Reading Difficult Texts

One of the prerequisites for achieving a greater quality of writing in the classroom is heightening the students’ ability to read, understand, and engage critically with scholarly texts. When our students arrive in college, they are suddenly confronted with reading assignments on a higher level of reading than most of them have ever encountered before. This might be particularly true for the many students for whom English is not their native language. Though we might assume that our students read their assignments efficiently and critically, it can prove beneficial to offer students some guidance in how to read scholarly texts. Below we offer some ideas for how to work with critical reading in the classroom.

  • It can prove helpful to prepare the students by giving them pointers for reading the text; let the students know what they are expected to read for.
  • Since there will be different levels of English proficiency in the classroom, it can be helpful to suggest that students work together when reading difficult texts. Students can for example keep lists of difficult words, discipline-specific terminology, and central arguments. If teaching with technology, this can easily be done on Blackboard or as a Wiki.
  • Some students will find it helpful to be directed to book reviews or shorter articles engaging with the longer readings assigned in class. There are ways to make sure that the students read the reading itself and not “just” the review. One can ask the students to write their own review, for example, arguing whether or not the assessment of the reading is fair and point to three elements of the reading are not mentioned in the review. This is also a way of asking students to engage critically with the reading.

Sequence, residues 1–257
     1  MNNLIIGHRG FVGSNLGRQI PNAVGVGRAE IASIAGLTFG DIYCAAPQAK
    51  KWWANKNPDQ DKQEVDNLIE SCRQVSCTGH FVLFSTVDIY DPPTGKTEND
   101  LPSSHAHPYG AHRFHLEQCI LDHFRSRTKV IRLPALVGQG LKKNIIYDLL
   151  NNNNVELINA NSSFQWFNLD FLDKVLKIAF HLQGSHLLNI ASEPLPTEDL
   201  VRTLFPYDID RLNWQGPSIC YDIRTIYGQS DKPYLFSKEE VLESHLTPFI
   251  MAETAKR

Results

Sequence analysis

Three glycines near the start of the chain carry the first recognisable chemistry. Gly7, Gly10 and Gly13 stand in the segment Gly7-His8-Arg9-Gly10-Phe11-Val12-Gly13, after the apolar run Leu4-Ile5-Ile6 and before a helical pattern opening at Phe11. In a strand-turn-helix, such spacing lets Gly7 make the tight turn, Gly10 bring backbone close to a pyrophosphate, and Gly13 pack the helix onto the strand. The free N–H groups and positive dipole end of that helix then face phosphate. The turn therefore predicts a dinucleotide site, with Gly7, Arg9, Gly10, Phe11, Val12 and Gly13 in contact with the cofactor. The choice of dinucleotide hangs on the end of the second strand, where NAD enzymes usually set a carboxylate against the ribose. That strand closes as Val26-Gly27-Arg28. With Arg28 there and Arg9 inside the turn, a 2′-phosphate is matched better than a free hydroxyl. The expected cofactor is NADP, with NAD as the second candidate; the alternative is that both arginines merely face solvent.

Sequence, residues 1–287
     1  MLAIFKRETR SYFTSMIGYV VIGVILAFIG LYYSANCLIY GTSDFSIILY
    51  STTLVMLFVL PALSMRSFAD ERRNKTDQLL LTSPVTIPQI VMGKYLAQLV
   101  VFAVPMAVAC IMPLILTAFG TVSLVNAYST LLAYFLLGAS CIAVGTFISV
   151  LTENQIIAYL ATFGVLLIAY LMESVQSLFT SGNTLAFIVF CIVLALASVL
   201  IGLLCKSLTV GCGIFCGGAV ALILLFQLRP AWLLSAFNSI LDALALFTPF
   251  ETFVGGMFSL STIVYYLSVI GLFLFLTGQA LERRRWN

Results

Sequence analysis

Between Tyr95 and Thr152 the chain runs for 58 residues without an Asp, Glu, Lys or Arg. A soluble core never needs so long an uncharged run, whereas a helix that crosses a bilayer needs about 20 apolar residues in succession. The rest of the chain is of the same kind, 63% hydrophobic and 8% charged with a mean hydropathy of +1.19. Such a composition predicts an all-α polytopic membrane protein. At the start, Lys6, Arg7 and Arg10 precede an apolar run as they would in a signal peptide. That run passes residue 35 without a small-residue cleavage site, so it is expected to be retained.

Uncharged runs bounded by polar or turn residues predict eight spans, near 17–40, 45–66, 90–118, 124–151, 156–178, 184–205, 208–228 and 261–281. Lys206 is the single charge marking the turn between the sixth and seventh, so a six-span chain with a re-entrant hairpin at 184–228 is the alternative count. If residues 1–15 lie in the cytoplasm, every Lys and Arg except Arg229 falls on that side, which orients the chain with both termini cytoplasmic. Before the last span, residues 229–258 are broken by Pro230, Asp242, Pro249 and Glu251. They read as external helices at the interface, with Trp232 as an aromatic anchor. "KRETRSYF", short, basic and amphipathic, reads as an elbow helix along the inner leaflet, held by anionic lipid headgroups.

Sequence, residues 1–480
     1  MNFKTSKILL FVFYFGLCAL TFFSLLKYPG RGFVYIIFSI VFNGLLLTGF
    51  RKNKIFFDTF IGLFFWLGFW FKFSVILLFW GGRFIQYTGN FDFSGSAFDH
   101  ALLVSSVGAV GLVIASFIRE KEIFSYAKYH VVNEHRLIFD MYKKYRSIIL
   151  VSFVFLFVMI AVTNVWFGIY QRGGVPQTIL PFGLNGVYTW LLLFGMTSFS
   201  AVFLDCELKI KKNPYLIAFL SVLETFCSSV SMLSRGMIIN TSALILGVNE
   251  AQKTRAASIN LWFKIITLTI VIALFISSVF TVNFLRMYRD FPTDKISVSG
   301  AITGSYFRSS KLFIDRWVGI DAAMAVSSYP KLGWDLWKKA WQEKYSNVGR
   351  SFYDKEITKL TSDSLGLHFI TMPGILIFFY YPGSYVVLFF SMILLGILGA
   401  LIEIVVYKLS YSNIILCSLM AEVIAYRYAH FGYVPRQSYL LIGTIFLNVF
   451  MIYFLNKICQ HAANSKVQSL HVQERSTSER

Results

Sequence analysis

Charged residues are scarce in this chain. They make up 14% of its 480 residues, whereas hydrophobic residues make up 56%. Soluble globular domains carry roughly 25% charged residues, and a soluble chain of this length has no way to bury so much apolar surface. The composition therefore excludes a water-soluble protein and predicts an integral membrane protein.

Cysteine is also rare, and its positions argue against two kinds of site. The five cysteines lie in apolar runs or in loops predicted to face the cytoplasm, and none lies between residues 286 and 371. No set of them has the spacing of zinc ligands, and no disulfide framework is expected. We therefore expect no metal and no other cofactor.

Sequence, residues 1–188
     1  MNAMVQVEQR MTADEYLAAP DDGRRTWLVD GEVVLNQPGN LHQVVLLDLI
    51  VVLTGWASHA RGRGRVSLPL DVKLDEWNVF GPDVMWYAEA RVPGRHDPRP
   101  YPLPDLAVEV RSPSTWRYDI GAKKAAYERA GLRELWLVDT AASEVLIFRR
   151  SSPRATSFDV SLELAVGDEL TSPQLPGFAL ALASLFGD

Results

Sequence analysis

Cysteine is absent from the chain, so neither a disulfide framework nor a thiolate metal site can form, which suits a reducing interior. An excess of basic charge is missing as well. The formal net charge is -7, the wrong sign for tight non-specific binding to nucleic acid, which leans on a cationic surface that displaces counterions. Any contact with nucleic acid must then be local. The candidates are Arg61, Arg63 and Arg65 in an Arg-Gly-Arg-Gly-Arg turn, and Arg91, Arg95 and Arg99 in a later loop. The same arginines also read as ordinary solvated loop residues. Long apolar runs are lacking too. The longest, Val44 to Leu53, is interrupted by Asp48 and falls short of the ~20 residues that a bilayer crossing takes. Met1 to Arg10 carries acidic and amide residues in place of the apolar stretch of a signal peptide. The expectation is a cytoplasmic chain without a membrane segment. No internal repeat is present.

• It can be helpful to offer students general guidelines for reading scholarly material. Many students do not understand the importance of taking notes and will highlight. While we need to accept that different students read in different ways and that some work efficiently with highlighting, it might improve the quality of student reading if we encourage our students to take notes and work with a system of paraphrasing. Doing this will encourage students to gain factual knowledge while engaging critically with their knowledge.
  • Often incoming students do not understand exactly how they are supposed to read; they may not know that they are expected to read for argument and not solely for factual content. This is often true for multilingual students as well, particularly international students who come from academic environments that stress fact learning over critical analysis of readings and ideas. It can be fruitful to stress to students that you are looking for both their critical engagement with the material and the facts contained within it.
  • Many professors assign different material, some of which some needs to be read more carefully than other readings. You may want to point out to the students which readings need to be read most carefully. Of course, this does not mean that other readings shouldn’t also be read attentively, but it points to the necessary ability to discern and to prioritize different kinds of information.
  • Many professors have found that the quality of student reading improves when they are required to respond to the reading in writing. By requiring that students write responses, or paragraph length questions in relation to the reading, you achieve two major goals: 1) you facilitate and encourage reading the material carefully; and 2) since your students will have read the material more carefully, their class participation will be of a higher quality.
  • Having students prepare written statements, paraphrases, or questions can also be facilitated in class by letting students work together in pairs or smaller groups.
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